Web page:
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Can ETFs Enjoy Halloween Effect Despite Rising Rate Fear?

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It may sound like an irony, but the occasion of ghouls and ghosts can turn into an occasion of angels for Wall Street. Yes, it’s the Halloween Effect that normally lights up Wall Street. As you start carving the pumpkin, the gloom over Wall Street may pass away. Historically, investing in equities on All Hallow’s Eve — Oct 31 – earns investors solid long-term returns. At least research shows that.

What is Halloween Effect?

Halloween Effect is a historically observed increase in stock prices from the month of November through the end of April. It is exactly opposite the popular adage "sell in May and then walk away,” which refers to the six months between May 1 and Oct 31. It is a seasonal anomaly, which is dissimilar to the buy-and-hold strategy, in which an investor has to go through down months. Vacations, the holiday buying season (both Christmas and spring) and seasonal optimism probably contribute to this optimism.

According to Forbes, a study conducted by Ben Jacobsen and Cherry Y. Zhang of Massey University in New Zealand shows that over a 300-year period, stocks habitually traded 4.52% better in the November through April period than the summer months. Over the past 50 years, the disparity in performance was more glaring at 6.25%. This trend holds true in 35 countries. According to their analysis of 65 developed and emerging markets, average stock-market returns for the six months following Halloween have come out at around 8.5% a year.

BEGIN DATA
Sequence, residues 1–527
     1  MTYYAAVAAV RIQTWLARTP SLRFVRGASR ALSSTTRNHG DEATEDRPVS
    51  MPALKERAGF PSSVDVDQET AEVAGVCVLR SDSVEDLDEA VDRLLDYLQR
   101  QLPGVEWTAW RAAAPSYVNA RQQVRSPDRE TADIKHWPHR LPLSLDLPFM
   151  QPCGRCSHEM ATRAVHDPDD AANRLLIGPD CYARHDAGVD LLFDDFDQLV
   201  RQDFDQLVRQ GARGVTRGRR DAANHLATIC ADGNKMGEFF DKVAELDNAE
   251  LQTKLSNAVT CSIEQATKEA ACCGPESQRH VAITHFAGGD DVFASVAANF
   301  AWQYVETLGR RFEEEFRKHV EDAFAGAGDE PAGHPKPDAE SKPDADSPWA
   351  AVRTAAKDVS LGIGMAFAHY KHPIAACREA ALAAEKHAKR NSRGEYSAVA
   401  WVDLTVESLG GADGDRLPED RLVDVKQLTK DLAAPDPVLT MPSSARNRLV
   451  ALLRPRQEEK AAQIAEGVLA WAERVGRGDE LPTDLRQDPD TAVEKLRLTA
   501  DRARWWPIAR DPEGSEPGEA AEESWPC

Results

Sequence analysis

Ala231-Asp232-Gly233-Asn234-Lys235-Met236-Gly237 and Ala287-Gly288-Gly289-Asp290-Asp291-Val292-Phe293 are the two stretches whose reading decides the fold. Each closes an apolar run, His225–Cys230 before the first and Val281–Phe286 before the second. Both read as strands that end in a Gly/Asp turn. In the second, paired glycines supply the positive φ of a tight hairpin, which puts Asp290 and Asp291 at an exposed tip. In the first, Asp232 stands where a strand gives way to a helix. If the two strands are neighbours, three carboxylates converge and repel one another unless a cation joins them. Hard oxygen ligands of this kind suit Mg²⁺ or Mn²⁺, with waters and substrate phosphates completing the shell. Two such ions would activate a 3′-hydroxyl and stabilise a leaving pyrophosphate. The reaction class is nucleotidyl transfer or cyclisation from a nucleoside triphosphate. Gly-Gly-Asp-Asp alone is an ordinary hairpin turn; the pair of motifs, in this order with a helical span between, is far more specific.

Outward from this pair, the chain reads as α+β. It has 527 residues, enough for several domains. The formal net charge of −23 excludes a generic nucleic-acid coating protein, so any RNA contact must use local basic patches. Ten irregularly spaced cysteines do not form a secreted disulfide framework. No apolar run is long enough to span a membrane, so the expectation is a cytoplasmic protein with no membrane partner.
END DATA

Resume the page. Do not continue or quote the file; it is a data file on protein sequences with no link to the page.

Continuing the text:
Against this backdrop, let’s take a look at a few ETF areas which might enjoy the Halloween Effect this time around.


Per Equity Clock, the tech sector enjoys seasonal strength in Q4. While the overall sector is suffering at the moment due to rising rate worries, some corners like cyber security, digital payments, networking, and software services may rally hard as there is a speculation that the Fed might slow its rate hike momentum from December.

So, top-ranked funds like Invesco Dynamic Semiconductors ETF (PSI - Free Report) , Invesco Dynamic Networking ETF (PXQ - Free Report) , ProShares S&P Technology Dividend Aristocrats ETF (TDV - Free Report) and Invesco Dynamic Software ETF (PSJ) may prosper in the near term.

Consumer Discretionary

Now, who can overlook consumer discretionary ETFs at this point of the year, especially with events like Thanksgiving, Black Friday and Cyber Monday lined up?

The National Retail Federation estimates Americans to spend a staggering $10.6 billion on Halloween, despite inflation fear, up from $10.1 billion recorded in 2021 and $8.8 billion in 2019.

And “conventional wisdom is that strong Halloween spending is an indicator of strong Christmas season spending” per an analyst. Our pick for the busy holiday season is Zacks Rank #2 (Buy) SPDR S&P Retail ETF (XRT - Free Report) (read: Stock & ETF Treats for This Halloween).

Small Caps

This is a tricky space. The Halloween Effect on Russell 2000 was a gain of 494% versus 373% offered by the S&P 500 from February 1993 through 2010-end. Plus, small-cap securities have historically proven their outperformance in January. These factors put the focus on the small-cap ETF SPDR Portfolio S&P 600 Small Cap ETF (SPSM - Free Report) and Vanguard S&P SmallCap 600 ETF (VIOO - Free Report) .


Industrial stocks historically yielded encouraging returns from December to May. However, industrial ETF Industrial Select Sector SPDR Fund (XLI - Free Report) has outperformed the S&P 500 this year. Biden’s huge infrastructure plan is a positive for the space. Notably, production levels at U.S. factories rose for the third straight month in September, driven by growth in manufacturing activity, which has been bolstered by higher demand for consumer goods (read: Continued Growth in Industrial Production: Buy Industrials ETFs).


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